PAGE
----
So your car isn’t brand new, but you love it. That’s awesome! But maybe you’d love it more if it felt a little newer—and maybe it would too. Show your four-wheeled pride and joy some love and it will love you back.
These six steps can go a long way toward making your car look, smell, and feel like it did when it rolled off the production line, as well as help keep it going the distance for years to come. Some of them might require the assistance of a mechanic or other specialist, but they’re money well spent—and some of them you can do yourself.
So your older car’s navigation system is pretty crappy—or maybe it doesn’t have one at all. Not to worry—you’re probably carrying the best navigation system on the planet in your pocket.
That’s right, despite the snazzy 10” screens and millions of dollars of advertising hype, none of the navigation systems from the world’s top car makers really has anything on good old Google Maps.
Total cost? $20-$100, depending on the awesomeness of your phone mount.
Clean your air conditioning system, vents, and, in some cars, air cabin filter, and you’ll stop smelling stale, musty air. Even if you don’t think your car smells funky, it can still smell fresher and younger—and that’s always a good thing.
Again, you’ll need the help of a specialist for this one, but you’ll be glad you spent the time and the money tracking down a shop that will do the work for you—and so will your passengers (especially your significant other).
If you’re handy, you can definitely do this step yourself, too, though you won’t likely end up with the same quality results a professional with a full suite of equipment will. Still, it can be a major improvement on a small budget. Just search the web for “car air conditioner deodorizing DIY” and you’ll see how.
For especially funky cars, don’t stop with the AC—clean the upholstery, especially the carpets, and get a heavy-duty vacuum (or use one at a local carwash) to remove the crusty, dusty bits from the nooks and crannies between and under the seats.
Total cost? $15-$50+ (DIY option) to $200+ (Professional option)
You may not know this—not many people do—but your car’s wheels don’t all point the same direction. Even from the factory, they have slight angles to them, and those slight angles are important. If those angles get even slightly out of whack, you can see weird tire wear patterns, odd handling behavior, the car can pull to one side, or it can even make strange sounds and vibrations at speed.
Fortunately, the fix is simple: an alignment. Take your car to an alignment shop (most tire shops will also offer the service), hand the nice technician a few twenties, and you and your car will drive away much happier.
Total cost? $60-150 depending on car and location.
A “tune up” is a thing of the past, really, from a time when cars really did need periodic adjustment of primary systems to stay in proper running condition. But even more modern cars need periodic replacement of some parts to stay at the top of their game.
Replacing the spark plugs, changing the air filter, changing the oil, and flushing the coolant system can go a long way toward making your car accelerate more like it did when new, idle more smoothly, and run cooler.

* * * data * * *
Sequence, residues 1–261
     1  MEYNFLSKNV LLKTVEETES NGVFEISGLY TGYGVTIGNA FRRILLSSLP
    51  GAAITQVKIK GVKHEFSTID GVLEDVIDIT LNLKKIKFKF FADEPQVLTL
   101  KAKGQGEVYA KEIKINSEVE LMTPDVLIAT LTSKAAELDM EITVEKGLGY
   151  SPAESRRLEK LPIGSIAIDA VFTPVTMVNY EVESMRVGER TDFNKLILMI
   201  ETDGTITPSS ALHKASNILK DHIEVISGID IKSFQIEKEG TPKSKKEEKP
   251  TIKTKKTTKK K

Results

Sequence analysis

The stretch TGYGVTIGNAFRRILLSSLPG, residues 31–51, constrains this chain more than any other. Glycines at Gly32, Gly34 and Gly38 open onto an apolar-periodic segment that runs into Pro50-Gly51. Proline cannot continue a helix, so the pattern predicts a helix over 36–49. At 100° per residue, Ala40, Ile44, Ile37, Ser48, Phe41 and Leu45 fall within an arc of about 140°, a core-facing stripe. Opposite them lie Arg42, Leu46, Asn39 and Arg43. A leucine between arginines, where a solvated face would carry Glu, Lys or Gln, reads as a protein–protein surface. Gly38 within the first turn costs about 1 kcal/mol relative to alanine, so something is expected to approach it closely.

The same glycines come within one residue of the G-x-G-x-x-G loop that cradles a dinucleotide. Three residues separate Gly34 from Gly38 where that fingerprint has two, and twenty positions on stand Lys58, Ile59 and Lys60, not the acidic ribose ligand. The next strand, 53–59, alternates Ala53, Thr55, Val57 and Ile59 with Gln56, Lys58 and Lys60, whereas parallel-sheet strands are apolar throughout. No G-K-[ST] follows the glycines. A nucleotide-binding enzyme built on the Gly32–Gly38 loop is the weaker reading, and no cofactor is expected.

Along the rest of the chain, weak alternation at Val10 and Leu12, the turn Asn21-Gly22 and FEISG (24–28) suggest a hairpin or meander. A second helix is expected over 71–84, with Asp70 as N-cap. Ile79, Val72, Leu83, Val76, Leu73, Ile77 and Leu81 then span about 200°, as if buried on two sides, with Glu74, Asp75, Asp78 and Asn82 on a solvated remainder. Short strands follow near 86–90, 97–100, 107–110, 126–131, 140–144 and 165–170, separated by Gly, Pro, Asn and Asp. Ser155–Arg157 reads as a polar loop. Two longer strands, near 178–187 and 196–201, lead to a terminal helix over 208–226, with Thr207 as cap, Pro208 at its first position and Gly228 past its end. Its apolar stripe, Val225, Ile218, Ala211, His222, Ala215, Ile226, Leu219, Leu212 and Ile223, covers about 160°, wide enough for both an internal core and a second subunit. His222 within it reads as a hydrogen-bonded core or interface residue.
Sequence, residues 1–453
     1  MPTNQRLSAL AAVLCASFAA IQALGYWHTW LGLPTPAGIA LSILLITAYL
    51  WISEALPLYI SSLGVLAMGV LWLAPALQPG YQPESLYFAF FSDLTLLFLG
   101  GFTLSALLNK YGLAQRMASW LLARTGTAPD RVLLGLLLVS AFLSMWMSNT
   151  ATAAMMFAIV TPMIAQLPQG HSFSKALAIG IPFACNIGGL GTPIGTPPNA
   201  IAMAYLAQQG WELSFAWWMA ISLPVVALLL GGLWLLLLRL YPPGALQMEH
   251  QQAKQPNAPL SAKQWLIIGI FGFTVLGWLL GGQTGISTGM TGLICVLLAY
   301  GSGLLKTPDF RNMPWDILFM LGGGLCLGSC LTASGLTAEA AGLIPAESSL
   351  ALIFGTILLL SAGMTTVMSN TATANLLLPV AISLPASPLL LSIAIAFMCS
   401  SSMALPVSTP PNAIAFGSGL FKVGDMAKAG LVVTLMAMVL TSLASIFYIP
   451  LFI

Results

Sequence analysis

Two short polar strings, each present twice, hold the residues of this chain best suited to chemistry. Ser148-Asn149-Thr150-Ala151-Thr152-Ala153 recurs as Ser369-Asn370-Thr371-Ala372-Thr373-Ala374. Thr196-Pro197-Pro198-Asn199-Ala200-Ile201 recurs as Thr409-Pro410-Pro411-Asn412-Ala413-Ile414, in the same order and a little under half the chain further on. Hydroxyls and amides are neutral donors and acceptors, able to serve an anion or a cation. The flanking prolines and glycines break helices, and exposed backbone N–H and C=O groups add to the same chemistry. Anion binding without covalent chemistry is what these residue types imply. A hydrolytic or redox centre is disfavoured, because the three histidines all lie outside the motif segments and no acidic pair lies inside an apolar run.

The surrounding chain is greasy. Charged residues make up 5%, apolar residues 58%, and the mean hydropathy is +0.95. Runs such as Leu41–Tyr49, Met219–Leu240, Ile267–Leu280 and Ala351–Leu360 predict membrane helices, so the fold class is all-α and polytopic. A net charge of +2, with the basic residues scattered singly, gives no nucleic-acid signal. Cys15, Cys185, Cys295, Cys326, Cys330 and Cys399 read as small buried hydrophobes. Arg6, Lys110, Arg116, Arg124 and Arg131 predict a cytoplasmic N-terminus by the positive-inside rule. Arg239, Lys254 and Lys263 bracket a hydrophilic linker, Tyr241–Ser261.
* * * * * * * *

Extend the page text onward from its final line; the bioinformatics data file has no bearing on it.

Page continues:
While you should be changing your oil and air filter on the regular, items like spark plugs and coolant flushes aren’t needed as often. Still, if you’re driving an older car, especially if you recently bought it and don’t have the maintenance records, it’s good insurance to help keep your car in tip-top shape for longer, as the previous owner may have neglected these basic but important items.
The mechanically inclined will have no problems doing all of these things on their own with minimal tools, but don't be shy about taking your car to a reputable shop, either--it won't be as expensive as you think.
Total cost? Spark plugs: $15-30, Air filter: $10-40, Oil change: $50-100, Coolant flush: $50-100
A professional car detailer can do amazing things for a car's appearance. They have thousands of dollars worth of tools and chemicals you don't want to buy, and more importantly, thousands of hours of experience you don't want to have to earn--or have the time to.
If your car's paint is covered in swirl marks, or even light scratches, a professional paint correction and detail job can often make them disappear entirely, while also bringing life back to faded exterior plastics, shining up those wheels and tires, and generally making your car look 10 years newer--even if it's only 5 or 6 years old.
If your car's paint is in truly horrible condition, they may not be able to save it--but they can probably recommend a good paint shop that will get it back to new.
Total cost? $150-500+, depending on the amount of work needed.
If your car is more than 10 years old, or has seen more than 100,000 miles, chances are very good your car’s shocks—or, in some cases, dampers or struts—are worn out. What are these oddly named things? That’s not really important—what matters is they help keep your car’s ride smooth.
When your shocks or dampers are worn out, your car can feel floaty, slow to respond to steering inputs, “jiggly,” or even bouncy. Tighten that ride up and smooth the bumps out with a fresh set of shocks, installed by your local mechanic.
Total cost? Typically $200-600 in parts, and another few hundred in labor.
If you tally all of these up, are they a bit pricey? Sure, but it’s well worth it—and it’s still a lot cheaper than a new car, which you won't need, since your sweet older car is once again the envy of the neighborhood.
automotive freelance journalist